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[Image: Unrealized proposal for a "Palace of Water and Light" (1940) designed by Pier Luigi Nervi for the never-held 1942 Universal Exhibition in Rome; view larger.
[Image: Pier Two Athletic Center by Maryann Thompson Architects, Brooklyn; via Architizer]. Unconventional sports...
[Image: "Sights" by Shannon Rankin]. I wrote about the map-based work of artist Shannon Rankin a few years back, featuring elaborately cut, pinned, sliced, and remade bits of global cartography.
[Image: Photo courtesy Nellis Air Force Base]. Black eyedrops made from a "chlorophyll analog" have allowed human subjects to experience night vision—without the use of special goggles.
You might have seen the news last month that two students from George Mason University developed a way to put out fires using sound.
[Image: An early design image of Fermont, featuring the "weather-controlling super-wall," via the Norbert Schonauer archive at McGill University].
[Image: Via Wikimedia]. The U.S. Secret Service might construct a back-up White House—or, more accurately, a "fake White House to help protect the real one," the New York Times reports.
Formless and ancient things from the depths of our planet move beneath Los Angeles, unexpectedly setting fire to sidewalks and burning whole businesses to the ground.
[Image: From "H / AlCuTaAu" by Revital Cohen and Tuur Van Balen]. For a project called "H / AlCuTaAu"—named after the chemical elements that comprise its final form—artists Revital Cohen and Tuur Van Balen created what they call "an artificial mineral mined from technological artefacts." [Image: From "H / AlCuTaAu" by Revital Cohen and Tuur Van Balen].
Noted scam artist and "Facebook fugitive" Paul Ceglia, hoping to escape from a recently imposed state of house-arrest, "sliced off his GPS ankle monitor and affixed it to a crudely built contraption in his rural New York residence," Ars Technica reports.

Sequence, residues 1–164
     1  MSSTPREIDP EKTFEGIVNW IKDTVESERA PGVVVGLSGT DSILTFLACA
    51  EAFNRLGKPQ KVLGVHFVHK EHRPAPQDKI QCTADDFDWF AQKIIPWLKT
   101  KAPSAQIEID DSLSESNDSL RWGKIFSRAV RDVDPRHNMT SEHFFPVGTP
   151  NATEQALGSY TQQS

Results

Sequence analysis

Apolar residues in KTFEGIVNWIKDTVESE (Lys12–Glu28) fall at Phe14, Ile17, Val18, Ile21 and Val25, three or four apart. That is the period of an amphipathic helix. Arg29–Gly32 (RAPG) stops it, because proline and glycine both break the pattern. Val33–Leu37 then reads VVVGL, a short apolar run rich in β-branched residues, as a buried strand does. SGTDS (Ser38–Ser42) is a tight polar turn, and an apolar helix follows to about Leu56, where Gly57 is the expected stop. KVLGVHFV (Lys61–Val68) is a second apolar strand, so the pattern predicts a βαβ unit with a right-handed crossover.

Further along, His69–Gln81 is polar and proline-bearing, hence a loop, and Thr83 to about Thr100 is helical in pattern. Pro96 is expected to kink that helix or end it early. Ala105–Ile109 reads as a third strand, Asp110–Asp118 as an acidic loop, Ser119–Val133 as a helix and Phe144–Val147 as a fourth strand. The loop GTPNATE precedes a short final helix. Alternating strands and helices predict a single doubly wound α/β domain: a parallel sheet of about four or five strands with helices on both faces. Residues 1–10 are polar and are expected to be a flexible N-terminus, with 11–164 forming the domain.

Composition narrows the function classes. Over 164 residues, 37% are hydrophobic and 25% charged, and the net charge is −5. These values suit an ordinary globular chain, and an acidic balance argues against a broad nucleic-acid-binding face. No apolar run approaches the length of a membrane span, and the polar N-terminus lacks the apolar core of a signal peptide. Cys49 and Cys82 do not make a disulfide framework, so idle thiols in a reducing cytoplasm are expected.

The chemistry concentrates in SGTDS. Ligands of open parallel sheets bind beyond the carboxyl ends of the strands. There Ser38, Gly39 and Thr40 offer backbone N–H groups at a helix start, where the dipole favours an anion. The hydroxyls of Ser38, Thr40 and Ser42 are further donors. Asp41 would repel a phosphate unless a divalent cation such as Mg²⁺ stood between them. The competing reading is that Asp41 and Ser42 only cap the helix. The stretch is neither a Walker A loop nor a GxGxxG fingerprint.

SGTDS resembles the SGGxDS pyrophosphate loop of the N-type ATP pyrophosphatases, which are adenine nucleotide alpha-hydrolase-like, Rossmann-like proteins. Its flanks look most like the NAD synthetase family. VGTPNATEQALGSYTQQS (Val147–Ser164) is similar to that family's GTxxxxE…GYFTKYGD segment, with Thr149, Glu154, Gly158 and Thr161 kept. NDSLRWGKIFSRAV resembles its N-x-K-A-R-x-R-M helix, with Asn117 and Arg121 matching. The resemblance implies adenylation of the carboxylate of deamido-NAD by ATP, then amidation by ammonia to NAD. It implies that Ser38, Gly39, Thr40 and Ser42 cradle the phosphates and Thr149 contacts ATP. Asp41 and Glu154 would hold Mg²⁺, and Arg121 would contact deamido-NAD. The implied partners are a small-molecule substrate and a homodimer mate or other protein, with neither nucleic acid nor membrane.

[Image: "American Mine (Carlin, Nevada 2, 2007)" by David Maisel]. [Note: The following essay was previously published under the title "Infinite Exchange" in Black Maps by David Maisel (Steidl), as well as in Cabinet Magazine #50].
[Image: The skyway-to-nowhere while it still spanned the street; photo via the Star-Tribune]. Continuing our irregular look at oddities in real estate, you might be interested to know that you can now buy a skyway.
[Image: Photo by & courtesy of Trackrunners, used with permission]. A group of friends, their faces rigorously hidden from public view, find a huge borehole leading down into some tunnels beneath the city.
[Image: Courtesy of the Los Angeles Times Photographic Archive, Department of Special Collections, Charles E.
[Image: A "wooden textile" by Elisa Strozyk]. You've undoubtedly already seen these, but the "wooden textiles" by designer Elisa Strozyk are a beautiful and surprisingly simple rethinking of the idea of a textile—and they have some interesting implications for terrain modeling and even gaming.
[Image: Courtesy FakeTV: The Burglar Deterrent]. Just a quick note that I've got an article up over at New Scientist about how a "fear of crime and a desire to prevent burglary are transforming the domestic interior into an uninhabited multimedia environment, an immersive videodrome playing randomised loops that can be mistaken for human behaviour." Go check it out if you get the chance.
[Image: Jasper National Park, courtesy of Parks Canada]. There's an interesting article over at Highline Magazine about a lost hiker named George Joachim whose subsequent behavior in the landscape was so spatially unexpected that he eluded discovery for ten days.
[Image: A drone from DJI]. It's hardly surprising to read that drones can be repurposed as burglars' tools; at this point, just take any activity, add a drone, and you, too, can have a news story (or Kickstarter) dedicated to the result.
[Image: From "Mining Cenotaph" by Alexis Quinteros Salazar; courtesy of the RIBA President's Medals].
[Photo: "Mega Bike" at the Louisville Mega Cavern; photo courtesy Louisville Mega Cavern]. An underground bike park is opening up next month in a former limestone mine 100 feet beneath Louisville, Kentucky.